Thursday, August 25, 2011

This lad falls in love (her name's Romola) while the euro farce continues

This might not be the place for a review of a television drama series, but I shall give you one anyway. My sole justification is that it starred an actress called Romola Garai who made me wish I was 30 years older and consider taking up stalking. I am not and I shan’t, but a boy can dream.
The series was produced by the BBC and was doomed from the outset by comparing itself to America’s Mad Men. The only point the have in common is that both were set several decades ago – Mad Men in the late Fifties, early Sixties and this turkey, called The Hour, in the mid-Fifties. But where Mad Men was stylish, innovative – it took its time always – well directed, subtle, nuanced, well-acted and interesting, The Hour was just another six hours of BBC drama by numbers of which there is more than enough to last us all a lifetime and then some. I always imagine that when a drama is commissioned by the BBC, the script will not be considered for production until it was been put through the BBC editorial sausage machine whose purpose is to get rid of anything which might prove to be original and to add all the latest stylistic fads and trends. One criticism was that too many of the lines were anachronistic, but quite honestly, that was the least of its troubles.
The Hour deals with what we are asked to assume is an innovative BBC current affairs programme (called The Hour), launched just before the Suez Crisis. Also thrown into the mix are two murders by MI6, a traitor, an MI6 baddie who turns out to be a goodie (neat that, they will have thought, that will keep the punters guessing0, a suicide (I think - it wasn’t very clear whether or not it was that or an accident), a Soviet mole in the BBC, a Soviet list of possible agents, and affair between the attractive producer of the innovative current affairs programme and its well-connected presenter, a convoluted MI6 plot to persuade Gamal Nasser’s dentist to assassinate the Egyptian leader, a debutante engaged to a gay actor, a closet gay Downing Street press officer, a Lord and Lady of the Realm (we can be fined here in Britain if we don’t cap up those three words - who said the age of deference is dead) and it is all played out against the Suez crisis. Furthermore, all these rather lurid plot strands involved a total of - if I’ve got my figures right - about 16 characters, many of them minor.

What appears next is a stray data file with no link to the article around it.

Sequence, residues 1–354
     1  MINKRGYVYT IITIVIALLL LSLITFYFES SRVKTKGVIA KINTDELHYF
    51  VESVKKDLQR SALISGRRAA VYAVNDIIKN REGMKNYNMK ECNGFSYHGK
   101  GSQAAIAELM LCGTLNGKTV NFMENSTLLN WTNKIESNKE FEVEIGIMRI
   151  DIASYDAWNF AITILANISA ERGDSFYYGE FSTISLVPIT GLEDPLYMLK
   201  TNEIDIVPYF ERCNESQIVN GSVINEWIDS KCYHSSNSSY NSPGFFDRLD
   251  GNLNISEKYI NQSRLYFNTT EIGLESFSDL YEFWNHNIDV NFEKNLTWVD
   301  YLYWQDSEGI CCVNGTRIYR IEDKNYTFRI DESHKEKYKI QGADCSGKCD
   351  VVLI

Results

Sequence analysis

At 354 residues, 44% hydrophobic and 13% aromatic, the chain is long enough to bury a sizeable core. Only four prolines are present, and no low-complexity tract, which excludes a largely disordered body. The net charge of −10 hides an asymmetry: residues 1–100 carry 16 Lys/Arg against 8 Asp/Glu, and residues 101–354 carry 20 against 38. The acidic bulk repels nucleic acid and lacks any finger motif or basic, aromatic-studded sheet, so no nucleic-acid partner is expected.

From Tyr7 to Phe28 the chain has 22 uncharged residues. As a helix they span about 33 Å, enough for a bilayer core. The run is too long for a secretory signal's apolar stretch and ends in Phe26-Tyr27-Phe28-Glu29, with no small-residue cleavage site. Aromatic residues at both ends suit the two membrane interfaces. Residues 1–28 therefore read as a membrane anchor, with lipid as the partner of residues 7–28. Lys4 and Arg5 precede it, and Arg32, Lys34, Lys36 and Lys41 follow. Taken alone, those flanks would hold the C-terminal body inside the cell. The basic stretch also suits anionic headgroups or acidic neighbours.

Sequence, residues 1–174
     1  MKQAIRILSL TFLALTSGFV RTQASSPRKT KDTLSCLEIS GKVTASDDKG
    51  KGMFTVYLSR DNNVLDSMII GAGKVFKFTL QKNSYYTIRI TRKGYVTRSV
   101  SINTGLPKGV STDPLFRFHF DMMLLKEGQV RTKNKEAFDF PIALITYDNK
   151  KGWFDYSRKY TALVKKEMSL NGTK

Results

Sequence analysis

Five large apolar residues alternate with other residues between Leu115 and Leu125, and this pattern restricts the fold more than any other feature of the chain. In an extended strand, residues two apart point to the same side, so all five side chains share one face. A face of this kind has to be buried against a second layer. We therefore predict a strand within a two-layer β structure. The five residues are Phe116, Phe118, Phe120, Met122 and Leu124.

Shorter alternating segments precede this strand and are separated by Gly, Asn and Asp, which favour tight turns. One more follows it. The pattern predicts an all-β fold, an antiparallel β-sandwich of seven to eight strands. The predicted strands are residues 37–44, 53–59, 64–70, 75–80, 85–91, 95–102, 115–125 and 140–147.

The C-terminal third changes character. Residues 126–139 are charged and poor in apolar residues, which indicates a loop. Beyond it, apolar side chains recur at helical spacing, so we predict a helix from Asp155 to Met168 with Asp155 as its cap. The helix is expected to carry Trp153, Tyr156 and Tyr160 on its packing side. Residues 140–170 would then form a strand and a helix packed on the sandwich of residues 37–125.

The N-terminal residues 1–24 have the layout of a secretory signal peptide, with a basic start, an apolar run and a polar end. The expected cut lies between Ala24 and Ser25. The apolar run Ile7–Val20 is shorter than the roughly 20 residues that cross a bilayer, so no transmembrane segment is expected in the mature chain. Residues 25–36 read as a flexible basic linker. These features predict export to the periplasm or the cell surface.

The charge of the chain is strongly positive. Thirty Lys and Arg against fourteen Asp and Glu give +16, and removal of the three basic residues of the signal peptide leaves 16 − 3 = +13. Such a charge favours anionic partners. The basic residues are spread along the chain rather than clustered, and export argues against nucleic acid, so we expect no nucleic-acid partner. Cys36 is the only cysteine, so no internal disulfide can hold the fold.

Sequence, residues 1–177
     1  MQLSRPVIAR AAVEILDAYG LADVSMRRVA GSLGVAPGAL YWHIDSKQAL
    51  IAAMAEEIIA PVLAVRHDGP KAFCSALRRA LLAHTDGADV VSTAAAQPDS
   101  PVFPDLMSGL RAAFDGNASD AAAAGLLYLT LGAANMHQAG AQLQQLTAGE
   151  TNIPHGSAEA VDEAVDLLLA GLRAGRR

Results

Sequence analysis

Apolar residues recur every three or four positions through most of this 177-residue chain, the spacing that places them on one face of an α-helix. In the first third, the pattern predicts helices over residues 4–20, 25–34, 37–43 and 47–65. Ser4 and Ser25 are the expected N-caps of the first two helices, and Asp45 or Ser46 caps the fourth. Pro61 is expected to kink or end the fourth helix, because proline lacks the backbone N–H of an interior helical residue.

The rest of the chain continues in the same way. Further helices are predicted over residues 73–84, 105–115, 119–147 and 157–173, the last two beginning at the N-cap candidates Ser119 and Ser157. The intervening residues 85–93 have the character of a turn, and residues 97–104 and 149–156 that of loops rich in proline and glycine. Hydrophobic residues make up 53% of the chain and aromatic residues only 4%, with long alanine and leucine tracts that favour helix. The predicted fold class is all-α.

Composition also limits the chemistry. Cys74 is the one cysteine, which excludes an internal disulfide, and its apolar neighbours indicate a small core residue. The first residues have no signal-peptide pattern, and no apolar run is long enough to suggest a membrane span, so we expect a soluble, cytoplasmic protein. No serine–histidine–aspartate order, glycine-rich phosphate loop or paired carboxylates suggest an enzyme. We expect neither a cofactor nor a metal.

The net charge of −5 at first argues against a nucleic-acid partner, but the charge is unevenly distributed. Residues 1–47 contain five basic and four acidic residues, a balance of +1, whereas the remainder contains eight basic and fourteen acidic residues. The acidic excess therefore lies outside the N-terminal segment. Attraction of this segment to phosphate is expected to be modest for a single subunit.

If you think all that amounts to a F minus of a dog’s dinner, you would be charitable. On so many different fronts it failed and failed badly. I shan’t go into detail here (i.e. I really can’t be bothered), but, as usual, the BBC set itself up for a pratfall by trailing it as something like the Second Coming.
But then there’s Romola Garai: swoon. Then, swoon again. At first I thought she was a newcomer and this BBC dog’s dinner was her debut, but it turns out she’s a well-established trouper and even got most of her kit off playing a prostitute in some other piece of BBC drama. I shall do my utmost to track down a DVD if one is available. One more time: swoon.

. . .

I have just been googling for images of la Garai and have found, rather pleasingly, that she has one of those faces which can change rather dramatically. Here is a selection:

I've just realised that she reminds me of Annette, a woman I went out with years ago. Oh well. That's enough swooning, you'll all think I'm twp.

. . .

The eurozone car crash is working out quite nicely. On any reading the Germans are damned if they do and damned if they don’t: if they pull the plug on Greece, their banks are in the shit, and if they don’t the government is on the shit. Already, it seems, leading CDU politicians, with no doubt an eye on the elections in 2013, are burnishing their eurosceptic credentials and drafting a future script along the lines of: ‘I warned about it from the outset, but no one would listen.’
Germany’s Constitutional Court is due to rule on September 7 on whether what has been going on with the bailouts is legal according to German law, and they don’t ever pull their punches. Everyone, especially the Brits, are reverting to type. Given that one mooted solution would be a ‘fiscal union’ with Germany in charge, the sillier newspapers, of which unfortunately the Mail is one, have been claiming - not seriously, of course, but . . . - that this is the ‘rise of the Fourth Reich’ and that Germany is about to achieve economically what it failed to achieve militarily. The French, of course, are playing along, but I don’t doubt they have one or two nasty surprises up their sleeve, and there is outrage from the bailed out states that over the suggestion that it would only be right and proper if the offered their gold reserves as collateral for the bailout dosh.
Which ever way you stack this up, it is not going to end nicely.

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